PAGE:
Back in the golden days when LOST was still on the air - ah, how long ago it seems now - there was one character who fascinated me more than any other, and that was Benjamin Linus, so masterfully portrayed by Michael Emerson. As the third season drew to a close, I longed to get a glimpse into this complex character's past. Little did I know how far back we would go, or that we would see more of Ben Linus's childhood than that of any other adult character on the show.

Sterling Beaumon burst onto the LOST scene with Harry Potter glasses and a downcast expression. In a mesmerizing performance, he boiled eight years of pain, neglect and longing into about 15 minutes of screen time, deepening my pre-existing sympathies for this inscrutable character - just before Emerson took over as the adult Ben and we got our first confirmation that the man was a murderer. But even in season five, when Beaumon returned as a 12-year-old so desperate for escape that he was willing to break an apparent Hostile out of prison, I never saw this young version of Ben as creepy - just compelling. A miserable young man left without a mother and seemingly having recently lost his best friend, he would need a few more years before the bitterness built up inside him would poison his soul to the point of homicide.

In Criminal Minds, Beaumon draws from the same well of emotions tormenting the young Benjamin, but he adds a psychopathic edge so pronounced that I would liken him to a pre-pubescent Tom Riddle, the orphaned wizard in the Harry Potter saga who would grow up to become the maleficent Lord Voldemort. The episode, entitled Safe Haven, takes its time in revealing him as the serial killer so urgently sought by the team of investigators; the first time we see him, the show uses misdirection to lead the audience into suspecting that he is the victim rather than the perpetrator. Of course, I watched this episode solely because of Beaumon, so I knew ahead of time what I was in for. That didn't make it any less disturbing.

As 13-year-old Jeremy, Beaumon emulates Emerson's gift for portraying subtle manipulation. On two occasions, we see him play the victim, coming across as vulnerable and unassuming. Jeremy preys upon the sympathies of others and seems truly grateful for their intervention. It's hard to wrap your mind around how someone could repay such kind treatment with such brutality. Beaumon is utterly chilling when Jeremy reveals his true intentions, becoming a squirmy, knife-wielding bundle of insatiable rage. Like Ben, Jeremy has spent a lifetime burdened with a parent's resentment for a death he unwittingly caused as an infant, but the toxic response has manifested itself far earlier and with a demented barbarism at which even Ben would balk.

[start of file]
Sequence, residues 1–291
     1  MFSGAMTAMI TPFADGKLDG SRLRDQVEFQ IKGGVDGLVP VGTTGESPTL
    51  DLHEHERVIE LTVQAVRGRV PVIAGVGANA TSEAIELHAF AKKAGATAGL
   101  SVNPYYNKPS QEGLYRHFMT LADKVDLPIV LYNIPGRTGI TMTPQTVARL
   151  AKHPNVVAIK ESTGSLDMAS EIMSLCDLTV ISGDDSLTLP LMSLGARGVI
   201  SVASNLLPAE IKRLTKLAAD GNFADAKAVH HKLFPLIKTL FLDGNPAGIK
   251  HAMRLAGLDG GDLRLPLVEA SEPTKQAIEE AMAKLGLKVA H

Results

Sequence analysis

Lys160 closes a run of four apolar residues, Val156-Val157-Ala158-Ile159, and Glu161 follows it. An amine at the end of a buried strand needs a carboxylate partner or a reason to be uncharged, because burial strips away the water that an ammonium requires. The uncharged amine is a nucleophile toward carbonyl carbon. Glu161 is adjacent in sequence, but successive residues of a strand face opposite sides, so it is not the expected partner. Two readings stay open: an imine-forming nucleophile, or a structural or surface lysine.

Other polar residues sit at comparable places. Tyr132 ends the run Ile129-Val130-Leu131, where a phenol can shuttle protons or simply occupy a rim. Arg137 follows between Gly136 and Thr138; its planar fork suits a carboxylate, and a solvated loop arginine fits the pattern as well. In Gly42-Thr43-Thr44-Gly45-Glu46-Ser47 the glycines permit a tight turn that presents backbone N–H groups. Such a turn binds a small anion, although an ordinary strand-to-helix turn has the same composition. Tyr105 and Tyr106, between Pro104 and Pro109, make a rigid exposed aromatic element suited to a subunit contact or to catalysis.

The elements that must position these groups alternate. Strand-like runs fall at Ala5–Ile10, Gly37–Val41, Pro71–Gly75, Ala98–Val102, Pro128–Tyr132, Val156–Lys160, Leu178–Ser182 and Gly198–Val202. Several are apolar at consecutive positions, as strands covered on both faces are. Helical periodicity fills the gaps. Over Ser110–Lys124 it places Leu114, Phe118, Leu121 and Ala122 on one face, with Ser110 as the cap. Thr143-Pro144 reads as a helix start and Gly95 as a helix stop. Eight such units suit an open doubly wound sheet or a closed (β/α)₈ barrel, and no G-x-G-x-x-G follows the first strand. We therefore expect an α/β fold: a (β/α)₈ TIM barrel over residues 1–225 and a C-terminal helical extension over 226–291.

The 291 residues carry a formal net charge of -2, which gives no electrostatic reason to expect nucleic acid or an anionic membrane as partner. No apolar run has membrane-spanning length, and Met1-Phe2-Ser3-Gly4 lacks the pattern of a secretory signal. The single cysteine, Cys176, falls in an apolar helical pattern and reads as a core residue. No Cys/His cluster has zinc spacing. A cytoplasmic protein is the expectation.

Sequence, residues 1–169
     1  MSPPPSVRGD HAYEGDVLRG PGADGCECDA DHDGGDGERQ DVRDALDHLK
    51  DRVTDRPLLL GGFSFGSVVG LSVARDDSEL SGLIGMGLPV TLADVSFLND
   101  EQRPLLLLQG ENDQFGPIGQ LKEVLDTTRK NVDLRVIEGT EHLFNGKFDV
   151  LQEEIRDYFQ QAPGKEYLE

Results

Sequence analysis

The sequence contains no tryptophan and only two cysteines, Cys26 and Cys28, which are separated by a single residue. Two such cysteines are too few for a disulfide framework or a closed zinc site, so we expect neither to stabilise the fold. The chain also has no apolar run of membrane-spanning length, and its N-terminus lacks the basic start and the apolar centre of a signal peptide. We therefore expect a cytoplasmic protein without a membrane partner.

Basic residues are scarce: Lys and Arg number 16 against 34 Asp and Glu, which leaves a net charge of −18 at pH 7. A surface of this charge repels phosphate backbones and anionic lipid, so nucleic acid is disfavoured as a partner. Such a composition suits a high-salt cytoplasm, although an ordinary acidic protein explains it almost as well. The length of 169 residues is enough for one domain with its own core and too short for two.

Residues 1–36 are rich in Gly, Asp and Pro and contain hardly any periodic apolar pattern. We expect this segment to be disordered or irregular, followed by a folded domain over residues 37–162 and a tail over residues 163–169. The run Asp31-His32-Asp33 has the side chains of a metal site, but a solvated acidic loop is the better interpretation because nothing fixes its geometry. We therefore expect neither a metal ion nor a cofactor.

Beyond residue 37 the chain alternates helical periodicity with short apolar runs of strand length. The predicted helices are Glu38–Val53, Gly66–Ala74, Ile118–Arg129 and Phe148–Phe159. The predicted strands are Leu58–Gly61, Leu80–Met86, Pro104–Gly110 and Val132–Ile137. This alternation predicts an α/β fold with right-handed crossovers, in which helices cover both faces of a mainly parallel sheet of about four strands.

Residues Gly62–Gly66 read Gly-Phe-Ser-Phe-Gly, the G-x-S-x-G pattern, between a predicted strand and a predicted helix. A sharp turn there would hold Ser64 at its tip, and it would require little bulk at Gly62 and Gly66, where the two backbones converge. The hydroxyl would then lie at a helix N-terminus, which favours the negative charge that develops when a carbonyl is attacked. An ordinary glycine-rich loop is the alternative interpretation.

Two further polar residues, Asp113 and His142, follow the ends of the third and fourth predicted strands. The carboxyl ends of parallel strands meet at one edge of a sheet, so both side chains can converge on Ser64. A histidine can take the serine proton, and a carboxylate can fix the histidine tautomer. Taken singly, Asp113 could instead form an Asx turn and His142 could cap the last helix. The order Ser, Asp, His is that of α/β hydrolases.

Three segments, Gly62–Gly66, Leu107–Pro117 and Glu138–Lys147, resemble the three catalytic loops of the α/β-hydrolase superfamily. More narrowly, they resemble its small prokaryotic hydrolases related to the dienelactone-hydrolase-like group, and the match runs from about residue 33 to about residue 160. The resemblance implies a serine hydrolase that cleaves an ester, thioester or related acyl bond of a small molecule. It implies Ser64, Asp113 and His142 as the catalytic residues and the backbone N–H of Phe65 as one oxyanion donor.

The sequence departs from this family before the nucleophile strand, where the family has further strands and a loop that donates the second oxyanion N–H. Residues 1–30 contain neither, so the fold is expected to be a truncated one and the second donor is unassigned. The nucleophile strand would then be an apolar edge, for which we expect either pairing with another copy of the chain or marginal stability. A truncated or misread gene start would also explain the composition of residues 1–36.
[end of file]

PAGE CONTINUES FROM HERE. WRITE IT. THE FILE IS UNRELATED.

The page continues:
The most riveting segment of this episode finds Jeremy in a car with Nancy, a compassionate woman portrayed by guest star Mare Winningham. Nancy, having taken pity upon Jeremy after hearing his sob story about being left by a bus at a truck stop, has shown him maternal affection from the moment they met, even after she realizes what kind of person she has welcomed into her home. Her calm, measured conversation with him is fascinating to watch, with Winningham's understated performance mingling with Beaumon's frenzied one, and it's edge-of-your-seat suspense wondering whether Nancy might actually manage to get through to this kid.

Among the main players, the one who interested me most was Derek Morgan, played by Shemar Moore. A man deeply invested in his work, he trails Jeremy while dealing with another neglected child, a tearful 9-year-old girl named Ellie (Isabella Murad) with whom he had worked before. The episode's title refers primarily to the Safe Haven law that allows parents to leave their children at hospitals, absolving their responsibility for them, which is the action that sparked the already unstable Jeremy's killing spree. However, in the context of this storyline, Ellie's safe haven is Morgan, and she pulls off an impressive maneuver in order to return to his side. Ellie and Jeremy respond to their parents' shortcomings in very different ways, but both powerfully demonstrate a child's craving for love and fear of abandonment.

Safe Haven is a deeply unsettling episode that inspires one to opposite actions. On the one hand, you look at children like Jeremy and Ellie and bemoan how their families and the system has failed them, and you want to reach out to them. It's a call to compassion, for strangers to help fill in the cracks in broken lives. Yet at the same time, the episode is nearly as effective as the bleak No Country For Old Men in terms of scaring you off of ever wanting to be a Good Samaritan. What if that person you stop to help along the side of the highway turns out to be a cold-blooded killer? Nancy's ability to keep from panicking while held in the car at knifepoint is remarkable; I can't help wondering if her words are merely an attempt to talk Jeremy down or if she genuinely feels that there is a good kid locked up in there. I suspect the latter, and maybe if someone like her had entered his life a little sooner, Jeremy would have turned out differently. Or maybe not. How does one deal with such a dangerous child? Can such pervasive hostility ever be tamed, or are kids like this hopeless cases?

It's a thorny topic, and Criminal Minds most definitely gets the conversation going. I wouldn't recommend this episode for anyone under 13 and would advise those who are squeamish to have a pillow at the ready. It's bloody and grotesque, and I'm glad I watched it the next morning because I suspect I would have had nightmares last night. One of these days, I hope to see Beaumon in a role without so many dark underpinnings. But boy, does he nail this one.